Middle East Eye – Tunis, Tunisia: Fakher Baklouti’s father taught him to work with olive wood as he was growing up outside of Sfax, an industrial city about halfway down Tunisia’s Mediterranean coast. The texture and patterns in the wood appealed to him, and he found it easy to turn into beautiful, artistic products. Now, Baklouti is proud to be a third generation olive wood artisan carrying on a traditional Tunisian craft. “It’s important for me that it’s purely Tunisian,” he said.
Since the country’s 2011 revolution, Tunisia has experienced a prolonged period of economic malaise that has made life more difficult for Baklouti and other artisans. Tourism has declined, shrinking an important client base, inflation has increased the cost of raw materials and cheap, and smuggled goods from Libya and Algeria have flooded the market.
Searching for opportunity and new markets in a Tunisian economy characterised by over regulation, rampant cronyism and widespread corruption, according to a recent World Bank report, is exceedingly difficult. As a result, Baklouti and other artisans have found it hard to make ends meet.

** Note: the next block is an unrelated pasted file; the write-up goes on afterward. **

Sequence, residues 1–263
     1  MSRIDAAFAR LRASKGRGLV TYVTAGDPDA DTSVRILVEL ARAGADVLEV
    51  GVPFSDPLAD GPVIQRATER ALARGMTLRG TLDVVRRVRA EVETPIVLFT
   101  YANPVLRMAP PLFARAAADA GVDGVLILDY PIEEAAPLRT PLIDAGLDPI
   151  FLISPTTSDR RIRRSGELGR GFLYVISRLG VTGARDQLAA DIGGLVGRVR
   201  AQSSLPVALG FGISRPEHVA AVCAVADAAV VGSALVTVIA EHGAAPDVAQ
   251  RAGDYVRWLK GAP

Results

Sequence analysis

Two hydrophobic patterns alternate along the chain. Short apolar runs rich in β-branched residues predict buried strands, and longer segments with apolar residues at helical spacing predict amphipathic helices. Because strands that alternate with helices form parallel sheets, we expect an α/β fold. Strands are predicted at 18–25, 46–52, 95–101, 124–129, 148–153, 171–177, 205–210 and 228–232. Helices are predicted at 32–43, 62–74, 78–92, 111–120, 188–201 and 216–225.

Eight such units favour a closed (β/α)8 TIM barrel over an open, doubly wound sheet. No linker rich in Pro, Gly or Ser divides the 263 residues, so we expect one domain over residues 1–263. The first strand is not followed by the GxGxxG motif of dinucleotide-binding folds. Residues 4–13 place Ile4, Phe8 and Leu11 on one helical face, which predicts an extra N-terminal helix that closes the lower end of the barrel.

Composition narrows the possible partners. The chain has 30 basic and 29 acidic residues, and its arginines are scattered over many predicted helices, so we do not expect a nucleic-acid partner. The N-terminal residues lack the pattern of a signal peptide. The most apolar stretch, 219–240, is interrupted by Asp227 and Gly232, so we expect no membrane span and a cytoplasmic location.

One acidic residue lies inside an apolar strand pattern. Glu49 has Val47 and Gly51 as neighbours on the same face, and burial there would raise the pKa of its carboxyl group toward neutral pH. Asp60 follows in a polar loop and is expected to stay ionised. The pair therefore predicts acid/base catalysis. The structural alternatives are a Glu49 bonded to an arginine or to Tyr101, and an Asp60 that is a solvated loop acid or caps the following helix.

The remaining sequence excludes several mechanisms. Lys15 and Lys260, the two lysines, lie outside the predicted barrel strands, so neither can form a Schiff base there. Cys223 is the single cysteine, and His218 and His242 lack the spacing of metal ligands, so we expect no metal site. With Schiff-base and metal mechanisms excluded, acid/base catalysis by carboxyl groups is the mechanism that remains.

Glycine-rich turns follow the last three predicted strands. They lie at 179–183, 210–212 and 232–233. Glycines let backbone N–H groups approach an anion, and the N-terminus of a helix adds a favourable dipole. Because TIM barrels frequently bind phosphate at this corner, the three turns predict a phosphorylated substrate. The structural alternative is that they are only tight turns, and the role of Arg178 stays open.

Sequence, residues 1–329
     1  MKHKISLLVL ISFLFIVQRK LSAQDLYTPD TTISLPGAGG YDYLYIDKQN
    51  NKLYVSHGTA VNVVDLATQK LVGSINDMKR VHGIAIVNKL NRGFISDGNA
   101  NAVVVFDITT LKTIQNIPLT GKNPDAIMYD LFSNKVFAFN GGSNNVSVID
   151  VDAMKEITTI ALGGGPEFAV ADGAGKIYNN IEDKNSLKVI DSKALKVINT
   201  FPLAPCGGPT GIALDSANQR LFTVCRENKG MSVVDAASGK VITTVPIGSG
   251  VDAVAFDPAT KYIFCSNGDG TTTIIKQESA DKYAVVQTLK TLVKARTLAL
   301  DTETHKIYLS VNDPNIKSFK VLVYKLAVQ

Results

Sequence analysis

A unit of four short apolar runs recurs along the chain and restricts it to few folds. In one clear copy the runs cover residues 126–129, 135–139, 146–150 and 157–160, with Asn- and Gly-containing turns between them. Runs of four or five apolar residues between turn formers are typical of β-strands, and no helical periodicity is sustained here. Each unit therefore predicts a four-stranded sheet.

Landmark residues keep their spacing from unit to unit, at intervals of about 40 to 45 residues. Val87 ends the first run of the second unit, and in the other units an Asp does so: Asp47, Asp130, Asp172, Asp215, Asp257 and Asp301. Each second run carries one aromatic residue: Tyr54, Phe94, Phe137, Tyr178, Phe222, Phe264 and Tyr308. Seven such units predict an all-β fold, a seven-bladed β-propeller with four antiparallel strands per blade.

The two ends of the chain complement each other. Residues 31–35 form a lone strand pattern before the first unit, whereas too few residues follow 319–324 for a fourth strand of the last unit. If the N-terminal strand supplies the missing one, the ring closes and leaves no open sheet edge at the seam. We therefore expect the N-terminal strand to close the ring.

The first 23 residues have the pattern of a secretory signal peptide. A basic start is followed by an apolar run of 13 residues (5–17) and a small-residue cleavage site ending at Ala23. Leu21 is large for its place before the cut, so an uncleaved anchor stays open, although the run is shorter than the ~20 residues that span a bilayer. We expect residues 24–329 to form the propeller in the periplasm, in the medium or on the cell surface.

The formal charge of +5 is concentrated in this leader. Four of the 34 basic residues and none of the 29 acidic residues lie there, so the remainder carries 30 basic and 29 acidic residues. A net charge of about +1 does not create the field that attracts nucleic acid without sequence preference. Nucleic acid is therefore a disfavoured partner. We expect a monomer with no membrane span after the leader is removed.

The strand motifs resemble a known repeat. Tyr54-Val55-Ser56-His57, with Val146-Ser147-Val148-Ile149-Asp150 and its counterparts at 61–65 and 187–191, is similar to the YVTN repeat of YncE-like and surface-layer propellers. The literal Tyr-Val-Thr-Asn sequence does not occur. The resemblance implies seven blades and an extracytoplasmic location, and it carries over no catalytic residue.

– See more at: http://www.middleeasteye.net/in-depth/features/international-markets-offer-ray-hope-beleaguered-tunisia-artisans-331690061#sthash.O5nw90CQ.vwC1feDR.dpuf
TUNIS, Tunisia — Late Sunday afternoon, Nov. 23, Serine Limam, 21, purposefully strolled into a polling station in La Goulette, a suburb of Tunisia’s capital. She was resolute in her reasons for voting in Tunisia’s first free presidential elections. “It’s important for youth to vote because it is our future,” she told Al-Monitor.
Many of her friends did not feel the same way. “They think that, no matter what, Tunisia is not going to move forward and that their vote won’t change anything,” Limam said.
In Sunday’s election, Limam was the exception rather than the rule.
Read more: http://www.al-monitor.com/pulse/originals/2014/11/tunisia-presidential-elections-low-youth-turnout.html#ixzz3KMgaZaCE
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